For much of 2020 the focus for lending regulators has been the coronavirus pandemic and assisting borrowers through the crisis. As we move into the new year that focus is set to continue however there is likely to be the chance for new developments that have been put on hold thanks to the restrictions.
The Financial Conduct Authority (FCA) have indicated a number of priority areas they’ll be focusing on in 2021 including the later life lending market, whilst initiatives surrounding green mortgages and products for first-time buyers are also likely to get the go-ahead. So, what should you be looking out for in 2021?
7 things to look out for in 2021
Borrowers will still require a substantial amount of support from lenders in 2021 with many still feeling a financial strain as a direct result of the pandemic. Regulators are likely to be keeping a close eye on forbearance policies and lenders should ensure they are on hand to offer support to vulnerable customers.
Appropriate customer outcomes testing frameworks will be essential for lenders in order for them to use the results to inform future policies in relation to arrangements for payment deferrals.
There is a growing demand for green mortgages and products and whilst there are already some on the UK market, we can expect more to arrive throughout 2021. Customers are increasingly sustainability-focused and lenders will need to demonstrate that they match their values.
In terms of regulation, the challenge so far has been proving the connection between mortgages against energy-efficient properties and a lower probability of default. In order for mortgage intermediaries and advisors to recommend these products more guidance and changes to the regulatory framework are likely needed.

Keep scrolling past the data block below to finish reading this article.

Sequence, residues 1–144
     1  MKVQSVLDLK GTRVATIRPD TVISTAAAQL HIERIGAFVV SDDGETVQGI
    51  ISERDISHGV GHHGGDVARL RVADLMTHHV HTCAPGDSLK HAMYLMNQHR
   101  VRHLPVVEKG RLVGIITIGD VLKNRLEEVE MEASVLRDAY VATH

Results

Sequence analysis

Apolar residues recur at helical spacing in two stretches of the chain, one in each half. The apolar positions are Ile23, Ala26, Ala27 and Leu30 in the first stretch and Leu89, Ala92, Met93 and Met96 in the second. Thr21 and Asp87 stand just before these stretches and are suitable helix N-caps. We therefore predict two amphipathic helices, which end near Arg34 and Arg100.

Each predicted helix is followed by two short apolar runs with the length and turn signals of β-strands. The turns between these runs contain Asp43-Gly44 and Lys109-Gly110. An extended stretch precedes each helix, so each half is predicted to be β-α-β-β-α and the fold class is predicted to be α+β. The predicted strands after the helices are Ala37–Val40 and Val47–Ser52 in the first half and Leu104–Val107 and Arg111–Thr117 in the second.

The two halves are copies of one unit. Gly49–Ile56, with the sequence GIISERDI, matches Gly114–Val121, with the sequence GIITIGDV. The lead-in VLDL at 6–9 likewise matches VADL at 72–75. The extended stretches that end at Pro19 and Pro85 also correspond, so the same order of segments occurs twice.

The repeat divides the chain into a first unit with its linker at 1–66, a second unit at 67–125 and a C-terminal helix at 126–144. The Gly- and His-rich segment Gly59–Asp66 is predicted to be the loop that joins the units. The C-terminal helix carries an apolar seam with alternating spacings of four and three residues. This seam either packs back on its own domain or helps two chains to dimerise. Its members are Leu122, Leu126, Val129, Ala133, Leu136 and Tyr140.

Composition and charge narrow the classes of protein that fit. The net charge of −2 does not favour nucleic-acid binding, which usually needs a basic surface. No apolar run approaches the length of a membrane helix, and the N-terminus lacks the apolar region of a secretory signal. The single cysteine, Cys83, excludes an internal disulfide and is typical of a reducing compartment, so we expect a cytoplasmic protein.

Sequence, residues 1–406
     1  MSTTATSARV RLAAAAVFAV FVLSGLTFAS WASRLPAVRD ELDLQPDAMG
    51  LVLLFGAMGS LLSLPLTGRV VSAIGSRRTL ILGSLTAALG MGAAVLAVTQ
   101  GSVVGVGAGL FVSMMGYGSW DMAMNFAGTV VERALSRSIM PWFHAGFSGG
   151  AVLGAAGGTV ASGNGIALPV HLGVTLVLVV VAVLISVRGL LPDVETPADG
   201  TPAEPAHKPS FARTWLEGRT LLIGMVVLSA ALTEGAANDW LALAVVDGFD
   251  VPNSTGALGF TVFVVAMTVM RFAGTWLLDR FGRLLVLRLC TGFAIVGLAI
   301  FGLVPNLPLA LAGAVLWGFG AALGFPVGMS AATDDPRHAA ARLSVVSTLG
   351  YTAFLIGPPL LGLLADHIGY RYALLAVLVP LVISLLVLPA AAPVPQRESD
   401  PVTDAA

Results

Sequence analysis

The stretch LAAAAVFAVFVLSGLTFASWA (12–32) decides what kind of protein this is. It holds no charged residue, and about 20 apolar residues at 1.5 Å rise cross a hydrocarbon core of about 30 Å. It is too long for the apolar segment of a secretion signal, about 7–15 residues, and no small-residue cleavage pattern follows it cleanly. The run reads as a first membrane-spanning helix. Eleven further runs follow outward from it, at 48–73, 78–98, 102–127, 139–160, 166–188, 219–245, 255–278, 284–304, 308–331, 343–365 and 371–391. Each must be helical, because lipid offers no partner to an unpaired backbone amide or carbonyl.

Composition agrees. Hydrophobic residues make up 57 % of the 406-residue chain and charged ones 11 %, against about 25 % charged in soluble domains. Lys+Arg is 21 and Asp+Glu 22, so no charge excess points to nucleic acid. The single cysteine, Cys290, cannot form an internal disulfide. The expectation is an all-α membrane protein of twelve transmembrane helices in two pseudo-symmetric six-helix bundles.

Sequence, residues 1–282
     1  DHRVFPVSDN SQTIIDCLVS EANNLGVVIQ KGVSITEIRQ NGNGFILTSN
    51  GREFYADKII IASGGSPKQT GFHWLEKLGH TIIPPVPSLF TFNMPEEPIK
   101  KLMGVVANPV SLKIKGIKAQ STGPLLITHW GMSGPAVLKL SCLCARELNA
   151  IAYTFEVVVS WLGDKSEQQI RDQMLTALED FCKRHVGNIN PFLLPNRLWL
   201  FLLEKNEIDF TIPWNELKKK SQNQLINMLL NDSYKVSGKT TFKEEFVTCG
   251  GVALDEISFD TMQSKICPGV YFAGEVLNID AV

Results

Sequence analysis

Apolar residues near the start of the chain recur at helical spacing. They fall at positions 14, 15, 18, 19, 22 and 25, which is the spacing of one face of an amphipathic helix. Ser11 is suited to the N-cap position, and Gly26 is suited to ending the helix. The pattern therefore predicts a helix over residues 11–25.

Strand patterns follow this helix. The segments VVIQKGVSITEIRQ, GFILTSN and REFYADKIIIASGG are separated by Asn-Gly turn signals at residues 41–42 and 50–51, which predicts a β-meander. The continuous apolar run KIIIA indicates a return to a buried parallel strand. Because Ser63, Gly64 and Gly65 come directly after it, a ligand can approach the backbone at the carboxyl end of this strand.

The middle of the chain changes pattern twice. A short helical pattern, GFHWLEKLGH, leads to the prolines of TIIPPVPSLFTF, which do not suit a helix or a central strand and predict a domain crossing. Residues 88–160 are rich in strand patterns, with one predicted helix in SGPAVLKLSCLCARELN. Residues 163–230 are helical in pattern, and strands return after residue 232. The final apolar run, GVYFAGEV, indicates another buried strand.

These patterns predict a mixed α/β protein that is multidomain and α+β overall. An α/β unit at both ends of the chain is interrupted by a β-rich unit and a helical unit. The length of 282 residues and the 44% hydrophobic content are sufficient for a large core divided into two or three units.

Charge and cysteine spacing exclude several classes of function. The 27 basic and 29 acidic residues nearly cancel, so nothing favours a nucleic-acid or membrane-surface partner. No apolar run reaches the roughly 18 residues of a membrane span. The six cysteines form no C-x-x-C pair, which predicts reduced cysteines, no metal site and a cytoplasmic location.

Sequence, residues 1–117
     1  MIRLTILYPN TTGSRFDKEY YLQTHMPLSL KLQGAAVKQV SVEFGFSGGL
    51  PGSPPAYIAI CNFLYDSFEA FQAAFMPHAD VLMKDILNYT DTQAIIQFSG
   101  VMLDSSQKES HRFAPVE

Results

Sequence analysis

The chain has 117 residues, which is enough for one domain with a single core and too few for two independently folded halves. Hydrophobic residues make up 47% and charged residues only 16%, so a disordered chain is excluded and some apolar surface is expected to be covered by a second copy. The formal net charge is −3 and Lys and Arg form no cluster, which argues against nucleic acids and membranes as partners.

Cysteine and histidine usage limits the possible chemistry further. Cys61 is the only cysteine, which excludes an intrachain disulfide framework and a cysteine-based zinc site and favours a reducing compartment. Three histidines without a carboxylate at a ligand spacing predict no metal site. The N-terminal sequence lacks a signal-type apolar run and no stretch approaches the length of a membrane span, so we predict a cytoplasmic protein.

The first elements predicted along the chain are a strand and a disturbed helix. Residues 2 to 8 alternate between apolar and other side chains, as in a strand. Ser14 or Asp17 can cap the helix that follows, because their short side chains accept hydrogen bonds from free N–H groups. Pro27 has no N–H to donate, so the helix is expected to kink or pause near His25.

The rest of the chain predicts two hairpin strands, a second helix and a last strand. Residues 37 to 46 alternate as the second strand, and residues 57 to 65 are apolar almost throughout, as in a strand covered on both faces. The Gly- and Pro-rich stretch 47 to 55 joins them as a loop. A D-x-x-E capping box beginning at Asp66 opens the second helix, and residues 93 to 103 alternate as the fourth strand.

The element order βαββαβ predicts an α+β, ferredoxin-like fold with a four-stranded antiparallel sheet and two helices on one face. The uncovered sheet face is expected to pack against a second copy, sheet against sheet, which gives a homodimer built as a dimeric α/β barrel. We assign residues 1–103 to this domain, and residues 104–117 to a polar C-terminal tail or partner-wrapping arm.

Breathing Space Regulations come into force on 4th May 2021 and should be a major lifeline for those suffering from serious and problem levels of debt. The regulations will offer the first part of a debt respite scheme which will encourage people to seek professional debt advice.
The regulations will offer eligible customers the chance to access a 60-day period where interest, fees and charges are frozen and any enforcement action is paused; during which time they should seek advice on finding the right assistance for them. Customers who are receiving treatment as part of a mental health crisis will also be given an alternative route to access the protections of a moratorium.
The detail of the regulations was only published in November 2020 meaning many leading lenders are working on their implementation programmes for the regulation now.
The FCA have been relatively cautious when it comes to responding to calls for action in regards to mortgage prisoners.
There are likely to be a range of measures that support mortgage prisoners in 2021 however the financial regulator have said they will first need to be confident that steps such as a price cap on all standard variable rates is the most proportionate and effective response.
The Later Life Lending Market
Increases in later life lending mean the market is facing tougher scrutiny from regulators, including in the intermediary market.
The FCA are considering how intermediaries explain the fees and charges payable to the customer and the impact the pandemic has had on the quality of advice given, including how the fee levels are set.
The later life market is high on the FCA’s priority list for 2021 and in a letter sent to lifetime mortgage providers the regulator explained that areas under review would include product design and governance, introducer oversight and inappropriate sales.
The Bank of England announced in December that they would be reviewing the stress testing assumptions used to conduct mortgage affordability assessments. The conclusions of the review are expected in early 2021 and lenders and borrowers should expect a potential recalibration of the stress rate, moving it downwards, in response to the continued low interest rates.
As the cessation of LIBOR hits at the end of 2021, lenders will be continuing to focus on the transition and the legal framework they will need to have in place. Lenders will need to determine an alternative interest rate and fine-tune their communications strategy. Lenders are likely to begin communications to borrowers in early 2021.